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Help your child at home with reading, grammar and punctuation KS 1/2 November 2015 Presenter: Sara Moult
Reading: the parents’ role Read to them, even after they are fluent Get caught reading – on paper, onscreen, on the bus… Talk to them about what you are reading. Hear them read every day, please. Talk to them about what they are reading. Buy, borrow or beg books for them, including picture books for big kids. Value all their reading – comics, too.
What to do if your child gets stuck on a word. Encourage them to sound it out. Be patient. Try to spot the tricky bit inside the word that’s giving them the trouble. Encourage them to sound it out. Offer some help with the tricky bit. Encourage them to sound it out. Read back through the sentence to remind you both of the sense.
What NOT to do if your child gets stuck on a word. Encourage them to guess. Be impatient. Direct them to the illustrations. Encourage them to think of a word that makes sense in the gap. Tell them the word without sounding it through for them. Expect them to read the same word first time on the next page.
Talk about what they are reading Ask ‘what if’ questions for fiction books: What if… …you were in the same situation? …this character were in your school? …this character asked your advice?
If your child gets absorbed in a book… Thank your lucky stars and don’t disturb them unless or until you have to. Let them read until they fall asleep sometimes. Find more books by the same author and keep up the supply.
Grammar: the problem • How are you supposed to help your child with grammar when in all probability nobody ever taught you?
Do you know… • Where do you hang question tags? • What is a fronted adverbial and how is it different from a preposition phrase? • When should you use present perfect verb forms in contrast to the simple past?
Do you know… • What’s the difference between a relative clause and a subordinate clause and is it possible to be both at the same time if you’re quick enough? • Should you only use your passive voice when you’re in a subjunctive mood?
And consider this: • It’s one thing speaking and writing grammatically correctly yourself and quite another explaining to your child what’s gone wrong in their own talk or writing and how to fix it. • ‘It just doesn’t sound right, ’ isn’t going to cut it. Moreover, your child is going to be tested on their understanding of grammatical concepts!
How to correct your child’s grammar Child says, ‘I holded Chloe’s new baby brother!’ What do you say? ‘Oh, you held the new baby! What is he like? ’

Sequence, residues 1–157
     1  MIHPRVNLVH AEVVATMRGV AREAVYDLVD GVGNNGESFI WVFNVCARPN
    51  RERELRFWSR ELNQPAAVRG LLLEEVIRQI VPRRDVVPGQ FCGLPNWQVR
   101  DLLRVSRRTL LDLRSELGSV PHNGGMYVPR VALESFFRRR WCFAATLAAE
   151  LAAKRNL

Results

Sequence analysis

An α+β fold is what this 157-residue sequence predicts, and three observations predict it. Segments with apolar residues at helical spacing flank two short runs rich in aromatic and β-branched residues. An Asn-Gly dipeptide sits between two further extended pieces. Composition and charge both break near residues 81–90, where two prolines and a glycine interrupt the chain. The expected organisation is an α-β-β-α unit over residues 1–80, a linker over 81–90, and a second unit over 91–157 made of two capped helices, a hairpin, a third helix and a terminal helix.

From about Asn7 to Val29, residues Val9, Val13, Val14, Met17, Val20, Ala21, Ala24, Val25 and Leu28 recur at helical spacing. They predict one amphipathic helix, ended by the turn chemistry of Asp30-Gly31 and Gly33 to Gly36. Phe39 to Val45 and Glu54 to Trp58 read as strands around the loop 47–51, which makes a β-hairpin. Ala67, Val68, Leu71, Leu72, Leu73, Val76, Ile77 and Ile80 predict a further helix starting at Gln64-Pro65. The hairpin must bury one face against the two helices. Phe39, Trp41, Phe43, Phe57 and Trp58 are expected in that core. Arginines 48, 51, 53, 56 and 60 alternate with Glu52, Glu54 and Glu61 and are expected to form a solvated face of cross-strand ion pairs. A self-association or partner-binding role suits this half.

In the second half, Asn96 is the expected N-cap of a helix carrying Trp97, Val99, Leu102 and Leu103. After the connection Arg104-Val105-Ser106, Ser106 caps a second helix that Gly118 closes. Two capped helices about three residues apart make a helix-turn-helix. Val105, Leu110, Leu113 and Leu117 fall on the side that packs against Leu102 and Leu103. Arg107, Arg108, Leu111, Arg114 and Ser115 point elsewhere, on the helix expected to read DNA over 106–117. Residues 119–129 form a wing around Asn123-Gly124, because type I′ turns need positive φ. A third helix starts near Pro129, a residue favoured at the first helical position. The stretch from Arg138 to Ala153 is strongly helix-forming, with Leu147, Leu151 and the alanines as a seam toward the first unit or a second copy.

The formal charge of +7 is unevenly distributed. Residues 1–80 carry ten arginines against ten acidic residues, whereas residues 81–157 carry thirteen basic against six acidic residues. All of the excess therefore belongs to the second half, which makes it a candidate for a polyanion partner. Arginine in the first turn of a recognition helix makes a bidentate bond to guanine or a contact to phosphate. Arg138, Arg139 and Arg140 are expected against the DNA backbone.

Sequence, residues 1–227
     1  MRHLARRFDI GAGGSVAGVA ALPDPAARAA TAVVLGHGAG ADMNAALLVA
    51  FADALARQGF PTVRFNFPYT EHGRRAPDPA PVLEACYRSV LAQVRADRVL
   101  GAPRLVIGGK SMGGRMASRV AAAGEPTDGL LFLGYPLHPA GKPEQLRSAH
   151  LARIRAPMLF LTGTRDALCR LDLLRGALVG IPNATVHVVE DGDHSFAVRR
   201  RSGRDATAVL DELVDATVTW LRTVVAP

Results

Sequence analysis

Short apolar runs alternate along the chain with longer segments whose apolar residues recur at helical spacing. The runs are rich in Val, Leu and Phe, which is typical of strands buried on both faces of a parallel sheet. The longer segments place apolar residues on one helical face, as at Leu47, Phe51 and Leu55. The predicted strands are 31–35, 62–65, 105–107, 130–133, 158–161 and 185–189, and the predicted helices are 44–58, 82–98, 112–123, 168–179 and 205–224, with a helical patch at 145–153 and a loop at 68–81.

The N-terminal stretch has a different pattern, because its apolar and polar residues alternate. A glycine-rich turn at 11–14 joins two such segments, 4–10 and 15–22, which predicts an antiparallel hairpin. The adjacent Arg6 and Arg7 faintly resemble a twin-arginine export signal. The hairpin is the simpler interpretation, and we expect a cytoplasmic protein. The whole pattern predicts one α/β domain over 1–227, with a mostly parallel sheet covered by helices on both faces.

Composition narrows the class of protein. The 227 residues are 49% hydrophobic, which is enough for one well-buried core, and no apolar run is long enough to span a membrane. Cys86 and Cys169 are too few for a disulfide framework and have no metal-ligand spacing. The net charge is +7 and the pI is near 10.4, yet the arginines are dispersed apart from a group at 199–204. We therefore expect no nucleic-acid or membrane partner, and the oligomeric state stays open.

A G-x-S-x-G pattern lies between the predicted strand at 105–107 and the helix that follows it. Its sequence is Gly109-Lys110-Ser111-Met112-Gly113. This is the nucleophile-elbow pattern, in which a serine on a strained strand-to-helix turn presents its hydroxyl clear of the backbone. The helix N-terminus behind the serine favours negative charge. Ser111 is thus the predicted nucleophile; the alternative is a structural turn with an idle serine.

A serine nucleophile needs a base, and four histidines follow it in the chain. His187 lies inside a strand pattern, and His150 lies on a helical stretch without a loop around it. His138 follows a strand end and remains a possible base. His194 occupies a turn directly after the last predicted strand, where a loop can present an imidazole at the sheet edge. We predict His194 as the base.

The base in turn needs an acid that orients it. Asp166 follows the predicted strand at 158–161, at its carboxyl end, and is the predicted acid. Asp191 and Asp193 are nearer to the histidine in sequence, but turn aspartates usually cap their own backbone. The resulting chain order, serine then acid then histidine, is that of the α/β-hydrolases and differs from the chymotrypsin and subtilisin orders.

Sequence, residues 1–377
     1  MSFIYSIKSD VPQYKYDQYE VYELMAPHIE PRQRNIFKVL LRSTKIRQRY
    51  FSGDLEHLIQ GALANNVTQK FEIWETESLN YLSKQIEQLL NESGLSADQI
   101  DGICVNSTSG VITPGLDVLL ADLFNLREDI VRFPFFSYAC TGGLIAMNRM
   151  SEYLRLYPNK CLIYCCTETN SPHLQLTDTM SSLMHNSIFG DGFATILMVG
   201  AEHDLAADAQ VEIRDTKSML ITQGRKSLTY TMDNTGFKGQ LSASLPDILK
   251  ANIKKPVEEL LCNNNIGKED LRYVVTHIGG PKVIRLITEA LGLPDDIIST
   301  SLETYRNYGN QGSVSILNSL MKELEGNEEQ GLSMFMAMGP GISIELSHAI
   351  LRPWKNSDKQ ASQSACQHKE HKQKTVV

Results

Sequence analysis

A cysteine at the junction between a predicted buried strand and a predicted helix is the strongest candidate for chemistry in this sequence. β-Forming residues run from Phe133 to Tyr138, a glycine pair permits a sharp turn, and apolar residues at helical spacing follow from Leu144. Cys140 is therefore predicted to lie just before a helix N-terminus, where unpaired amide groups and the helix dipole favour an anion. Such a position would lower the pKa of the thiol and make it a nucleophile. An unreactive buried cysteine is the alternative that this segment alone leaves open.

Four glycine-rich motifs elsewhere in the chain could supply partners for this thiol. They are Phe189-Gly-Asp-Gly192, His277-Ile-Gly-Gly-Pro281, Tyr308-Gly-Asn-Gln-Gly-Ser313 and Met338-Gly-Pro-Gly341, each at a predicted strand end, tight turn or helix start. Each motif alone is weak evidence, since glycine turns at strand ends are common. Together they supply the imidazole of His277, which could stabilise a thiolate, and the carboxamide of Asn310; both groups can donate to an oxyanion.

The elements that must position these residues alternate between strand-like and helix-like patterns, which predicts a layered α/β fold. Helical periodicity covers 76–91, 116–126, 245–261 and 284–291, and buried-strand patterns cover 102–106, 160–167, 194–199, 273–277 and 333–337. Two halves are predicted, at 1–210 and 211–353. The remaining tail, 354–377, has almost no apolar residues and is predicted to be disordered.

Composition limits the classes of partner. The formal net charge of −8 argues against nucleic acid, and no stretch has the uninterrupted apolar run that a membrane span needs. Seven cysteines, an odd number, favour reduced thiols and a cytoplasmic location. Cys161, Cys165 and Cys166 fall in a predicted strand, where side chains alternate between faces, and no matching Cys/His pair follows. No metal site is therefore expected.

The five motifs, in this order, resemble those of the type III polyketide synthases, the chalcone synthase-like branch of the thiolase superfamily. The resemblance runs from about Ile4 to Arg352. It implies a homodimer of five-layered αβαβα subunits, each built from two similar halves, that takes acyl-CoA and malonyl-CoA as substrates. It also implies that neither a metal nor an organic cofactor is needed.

Why are schools teaching grammar anyway? • • • For enabling pupils’ mastery of their own language Not just depending on what sounds right For passing tests! For clarity of communication (spoken and written) Because the curriculum tells us to – see next slide…
Notes and guidance (non-statutory) Grammar should be taught explicitly: pupils should be taught the terminology and concepts set out in English Appendix 2, and be able to apply them correctly to examples of real language, such as their own writing or books that they have read.
Commas, for example… Let’s eat, kids. Let’s eat kids!
The concept of the sentence • Once the concept of the sentence is understood, all further progress in grammar and writing is essentially about extending control of the sentence and achieving mastery of it. • And that includes punctuation, too. A multiclause sentence will need more sophisticated punctuation.
How do you explain what a sentence IS? …and what it isn’t?
So how is it taught in school now?
Why not use worksheets, workbooks and exercises? • • • Isolated learning Risk of non transference Expenditure of time Consumable costs Research and experience show us it doesn’t work… …and it’s boring, too!
Instead, teachers: • Use sentences composed by children, children’s own work, from modelled writing, from exemplar texts, from cross-curricular texts • Talk the sentence (with or without kung -fu punctuation) • Play at ‘making and breaking’ sentences: orally, on cut up cards and strips, on screen
For example: • • There were a hundred and forty-two staircases at Hogwarts: wide, sweeping ones; narrow, rickety ones; some that led somewhere different on a Friday; some with a vanishing step halfway up that you had to remember to jump. J. K Rowling Harry Potter and the Philosopher’s Stone
Your turn: • Compose a four item list sentence using colon and semicolons and commas between adjectives to describe: • The Y 6 classroom at the end of the day after the children have gone • The cars in the teachers’ car park • The parents arriving for parents’ evening • The Christmas presents you received from your pupils last year.
Instead, teachers: • Build in prompt opportunities for applying the new knowledge in a real context • Use working walls to display model sentences and collect examples
Trouble with pronouns: Me, myself and I This is a photo of … Sit down by … and look at it with … Take it from … Hand it back to … Find a frame for… Easy?
Me, myself and I – why do we have trouble with… This is a photo of David and … Sit down between Paula and … and look at it with Susan and … Take it from Susan and … Hand it back to Paula and … Find a frame for David and … Easy?
When is myself the right choice? If you want to know more, ask Mr Briggs or… me? myself? I?
Myself: NOT a polite alternative to me Myself is a reflexive pronoun and only goes in I sentences: I did it for myself. I spoke to myself. I sat by myself. I am annoyed with myself. I am disappointed in myself. I am proud of myself.
So, next time somebody tells you: ‘Speak to Joe or myself about that. ’ You can respond, ‘I can speak to Joe, but you are the only person who can speak to yourself – I can only speak to you!’
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